The Lord Jesus Christ followed the call to repentance in verse 19 with a tender, gracious invitation in verse 20. The apostate Laodicean church could only have expected Christ to come in judgment. But the startling reality, introduced by the arresting word behold, was that Christ stood at the door of the Laodicean church and knocked; This is a PERFECT ACTIVE INDICATIVE,I stand and continue to stand at the door” followed by a PRESENT ACTIVE INDICATIVE “and continue to knock.”…The metaphor of “a doorwas used in the Gospels (cf. Mark 13:28–29; Luke 12:36) as a way of referring to the nearness of Christ’s coming.( Utley, R. J. (2001). Hope in Hard Times - The Final Curtain: Revelation (Vol. Volume 12, p. 46). Marshall, TX: Bible Lessons International.)

 

If anyone in the church would hear His voice and open the door, they would come in to him and eat/dine with him, and he with Christ. Though this verse has been used in countless tracts and evangelistic messages to depict Christ’s knocking on the door of the sinner’s heart, it is broader than that. The door on which Christ is knocking is not the door to a single human heart, but to the Laodicean church. Christ was outside this apostate church and wanted to come insomething that could only happen if the people repented. In their blind self-sufficiency they had, as it were, excommunicated the risen Lord from their congregation. In an act of unbelievable condescension he requests permission to enter and reestablish fellowship.( Mounce, R. H. (1997). The Book of Revelation (p. 113). Grand Rapids, MI: Wm. B. Eerdmans Publishing Co.)

 

The invitation is, first of all, a personal one, since salvation is individual. But He is knocking on the door of the church, calling the many to saving faith, so that He may enter the church. If one person (anyone) opened the door by repentance and faith, Christ would enter that church through that individual. The picture of Christ outside the Laodicean church seeking entrance strongly implies that, unlike Sardis, there were no believers there at all.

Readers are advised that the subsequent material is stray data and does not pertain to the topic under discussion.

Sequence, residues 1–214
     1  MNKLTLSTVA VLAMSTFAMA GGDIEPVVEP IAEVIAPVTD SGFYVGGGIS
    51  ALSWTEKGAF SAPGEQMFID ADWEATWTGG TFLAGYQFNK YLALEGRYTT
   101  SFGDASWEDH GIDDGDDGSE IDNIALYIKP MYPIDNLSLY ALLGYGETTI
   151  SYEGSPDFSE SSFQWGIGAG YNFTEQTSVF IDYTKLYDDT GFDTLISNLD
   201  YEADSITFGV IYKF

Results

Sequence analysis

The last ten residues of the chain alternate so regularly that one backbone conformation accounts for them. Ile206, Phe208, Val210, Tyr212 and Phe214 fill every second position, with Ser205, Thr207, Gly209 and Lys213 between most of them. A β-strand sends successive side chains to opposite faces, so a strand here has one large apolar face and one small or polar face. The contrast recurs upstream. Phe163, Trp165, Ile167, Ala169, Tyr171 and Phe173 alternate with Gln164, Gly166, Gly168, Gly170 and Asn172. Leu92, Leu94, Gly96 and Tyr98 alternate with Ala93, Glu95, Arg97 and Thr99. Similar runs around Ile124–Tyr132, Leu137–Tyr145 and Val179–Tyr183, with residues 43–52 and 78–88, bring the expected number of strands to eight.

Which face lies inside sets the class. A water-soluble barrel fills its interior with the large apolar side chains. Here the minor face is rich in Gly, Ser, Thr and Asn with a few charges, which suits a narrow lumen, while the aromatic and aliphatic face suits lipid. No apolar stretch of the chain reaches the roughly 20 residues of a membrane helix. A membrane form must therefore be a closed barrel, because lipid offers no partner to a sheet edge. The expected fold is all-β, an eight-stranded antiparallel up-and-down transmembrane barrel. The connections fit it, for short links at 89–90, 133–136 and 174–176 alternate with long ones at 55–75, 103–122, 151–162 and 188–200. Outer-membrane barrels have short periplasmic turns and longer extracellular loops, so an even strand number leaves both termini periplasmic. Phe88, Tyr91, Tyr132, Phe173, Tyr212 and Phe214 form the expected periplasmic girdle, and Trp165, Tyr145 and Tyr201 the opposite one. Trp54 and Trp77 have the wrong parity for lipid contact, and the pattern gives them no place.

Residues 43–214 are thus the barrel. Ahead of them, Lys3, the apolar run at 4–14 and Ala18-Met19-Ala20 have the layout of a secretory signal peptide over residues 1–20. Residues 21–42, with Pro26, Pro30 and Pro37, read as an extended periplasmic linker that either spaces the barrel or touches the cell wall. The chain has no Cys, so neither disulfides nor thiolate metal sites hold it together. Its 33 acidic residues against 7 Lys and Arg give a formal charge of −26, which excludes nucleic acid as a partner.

Christ’s offer to eat/dine with the repentant church speaks of fellowship, communion, and intimacy. Sharing a meal in ancient times symbolized the union of people in loving fellowship. Believers will eat/dine with Christ at the marriage supper of the Lamb (Rev. 19:9), in the consummation of His kingdom (Luke 22:16, 29–30). Eat/Dine is from deipneō, which refers to the evening meal, the last meal of the day (cf. Luke 17:8; 22:20; 1 Cor. 11:25, where the underlying Greek is rendered “sup,” “supper,” and “supped,” respectively). The Lord Jesus Christ urged them to repent and have fellowship with Him before the night of judgment fell and it was too late forever.

 

The wonderful promise of Counsel in verse 21 to the one who conquers/overcomes (all believers; 2:7, 11, 26; 3:5, 12; 1 John 5:5) is that Christ will grant to him to sit down with Him on His throne, as He also conquered/overcame and sat down with the Father on His throne. To enjoy fellowship with Christ in the kingdom and throughout eternity is sufficient blessing beyond all comprehension. But Christ offers more, promising to seat believers on the throne He shares with the Father (cf. Matt. 19:28; Luke 22:29–30). That symbolizes the truth that we will reign with Him (2 Tim. 2:12; Rev. 5:10; 20:6; cf. 1 Cor. 6:3).

 

As did the other six letters, the letter to the Laodiceans closes in verse 22 with Christ’s exhortation, He who has an ear, let him hear what the Spirit says to the churches. The message to the apostate church is obvious: repent, and open up to Christ before the night of judgment falls. The implication for true believers is that, like Christ, we must compassionately call those in the apostate church to repent and receive salvation in Jesus Christ (cf. Jude 23). The messages to the seven historic churches in Asia are at the same time a composite word to the church universal throughout time. It is a “comprehensive warning” in which the dangers of losing our first love (Ephesus), fear of suffering (Smyrna), doctrinal compromise (Pergamum), moral compromise (Thyatira), spiritual deadness (Sardis), failure to hold on (Philadelphia), and lukewarmness (Laodicea) are brought home with amazing relevance for the contemporary church.( Mounce, R. H. (1997). The Book of Revelation (pp. 114–115). Grand Rapids, MI: Wm. B. Eerdmans Publishing Co.)

 

(Format note: Outline & some base commentary from MacArthur, J. F., Jr. (1999). Revelation 1–11 (pp. 130–141). Chicago: Moody Press.)